Strict//EN" ""> EAGLES' REST: What's This "Commitment" or "Decision" Nonsense?

Saturday, August 18, 2012

What's This "Commitment" or "Decision" Nonsense?

We hear a lot of things in church that make me wonder. Wonder if we're trying to "sell" Jesus, as though He were riding around in the back of some Snake Oil Salesman's cart. Frankly, the term "invite Jesus into your heart" is one of them, as though our little children understand what that term, in the Bible, means.

Well, two of my all time favorites are shown up there at the top. "Making a decision for Christ" and "Making a commitment to Christ" are the ones. As though our intelligence enables us to decide on something that will save us, or our sheer force of will is going to enable us to lead a life of followship that will get us beyond the Pearly Gates.

What kicked this rant off, in my mind, was watching a show about gangs in prison. Actually, it was about men in prison, and the problems that gang-relations and ex-gang-relations were causing them. And prisons were dealing as best they could with the problems, and were reasonably effective, just about as far as they could be without having every prisoner in his own private isolation cell 24/7.

I've seen a lot of TV shows and movies about prisons, but there's one scene I've never ever seen: a judge, or a prison guard, or a policeman telling a convict that he's going to be asked to make a decision for prison, or that's he's to make a commitment to confinement.

Never gonna happen. If you don't surrender, they're going to come get you. And for some crimes calling for the maximum penalty, they're not going to stop until they get you.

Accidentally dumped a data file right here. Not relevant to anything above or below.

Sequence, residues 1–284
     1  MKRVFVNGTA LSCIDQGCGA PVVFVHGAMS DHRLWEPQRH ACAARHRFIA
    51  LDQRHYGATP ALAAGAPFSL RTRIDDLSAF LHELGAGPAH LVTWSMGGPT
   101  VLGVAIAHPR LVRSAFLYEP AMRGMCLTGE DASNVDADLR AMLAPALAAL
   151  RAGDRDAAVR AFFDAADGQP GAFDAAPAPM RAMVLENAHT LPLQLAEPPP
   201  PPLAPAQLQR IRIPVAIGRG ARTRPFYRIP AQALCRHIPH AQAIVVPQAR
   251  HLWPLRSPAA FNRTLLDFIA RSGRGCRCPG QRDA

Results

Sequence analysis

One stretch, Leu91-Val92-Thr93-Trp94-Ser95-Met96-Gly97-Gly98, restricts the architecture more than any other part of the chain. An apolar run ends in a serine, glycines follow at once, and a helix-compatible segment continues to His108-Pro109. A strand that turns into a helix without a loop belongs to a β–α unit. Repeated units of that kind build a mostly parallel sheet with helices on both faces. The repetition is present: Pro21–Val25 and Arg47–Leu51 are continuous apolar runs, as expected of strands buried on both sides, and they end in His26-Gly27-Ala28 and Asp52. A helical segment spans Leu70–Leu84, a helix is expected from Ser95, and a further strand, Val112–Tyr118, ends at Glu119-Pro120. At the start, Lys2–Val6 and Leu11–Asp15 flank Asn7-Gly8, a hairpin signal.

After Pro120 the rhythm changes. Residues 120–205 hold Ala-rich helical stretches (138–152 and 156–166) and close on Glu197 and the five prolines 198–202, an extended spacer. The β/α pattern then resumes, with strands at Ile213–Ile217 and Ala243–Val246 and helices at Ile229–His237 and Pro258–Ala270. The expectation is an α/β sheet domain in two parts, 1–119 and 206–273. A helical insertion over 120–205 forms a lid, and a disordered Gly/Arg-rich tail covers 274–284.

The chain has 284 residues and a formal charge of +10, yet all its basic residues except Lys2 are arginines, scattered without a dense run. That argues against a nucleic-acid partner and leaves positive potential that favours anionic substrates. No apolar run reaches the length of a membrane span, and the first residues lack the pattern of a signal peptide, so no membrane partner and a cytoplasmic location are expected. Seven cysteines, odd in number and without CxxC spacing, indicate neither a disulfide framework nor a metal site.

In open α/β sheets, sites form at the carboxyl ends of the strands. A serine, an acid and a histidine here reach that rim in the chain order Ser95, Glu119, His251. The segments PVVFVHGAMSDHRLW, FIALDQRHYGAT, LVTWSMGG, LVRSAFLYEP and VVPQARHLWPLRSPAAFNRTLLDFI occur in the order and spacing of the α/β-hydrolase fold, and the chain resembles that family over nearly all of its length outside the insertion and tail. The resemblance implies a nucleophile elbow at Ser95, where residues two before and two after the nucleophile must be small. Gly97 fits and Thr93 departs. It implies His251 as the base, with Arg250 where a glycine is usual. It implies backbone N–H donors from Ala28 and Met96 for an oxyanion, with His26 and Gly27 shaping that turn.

And until you surrender. Until you give up your rights to control your life.

I am by no means an authority in this. It may well be that those who make an earnest "commitment to Christ" then become God's responsibility, Who will then take care of them forevermore. I honestly don't know. But just in the Southern Baptist Convention, where commitments and decisions seem to be the order of the day, it appears the majority of the folks who've made commitments and decisions aren't in the church any more.

Is that evidence of something? I have to say yes. I'm just not sure what. And is it serious business?

You bet! Check the following verse, directed at us:

Hebrews 13:17: " Have confidence in your leaders and submit to their authority, because they keep watch over you as those who must give an account."

That sounds to me as if our leaders .. those appointed by God to Spiritual authority over the Ekklesia .. the church .. will have to give an account for us. I have to believe that's a very serious matter, and one which may cause many church Spiritual leaders a great surprise when they depart this life and reach the next.

Perhaps God is OK with people who "make a decision" and then go back to business as usual, and fall away from church. Maybe He would rather have them do that, than not. But when I examine Bible stories of Jesus Himself telling a would-be follower to "Let the dead bury the dead", or to "Sell all you have and give to the poor", it casts serious doubt, in my mind at least, on the veracity of such casual "salvation experiences".

Can we afford to play it casual. In sermons, in Sunday School lessons, in Bible Studies, in any sort of discussion concerning our faith and it implications?

I don't think so. Not that we have to be some sort of "hammer" in the hand of God, but I do think we need to be abundantly clear that the matter of salvation, surrender to the Lord, and obedience to Him is the last thing in the world we want to treat casually.

There's also the  matter of abundant life. Jesus died so we could have one, and I rather think He not only wants us to have one, but He also wants us to want to have one.

Complete surrender .. not that I can ever do that with any perfection .. is the only standard I know to shoot for, to have that.


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